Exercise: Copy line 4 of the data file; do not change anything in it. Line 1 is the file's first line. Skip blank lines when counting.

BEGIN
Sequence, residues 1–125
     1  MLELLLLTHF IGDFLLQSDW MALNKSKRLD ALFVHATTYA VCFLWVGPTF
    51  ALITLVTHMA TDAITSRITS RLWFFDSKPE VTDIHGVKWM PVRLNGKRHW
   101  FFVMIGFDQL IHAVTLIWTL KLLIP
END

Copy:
   101  FFVMIGFDQL IHAVTLIWTL KLLIP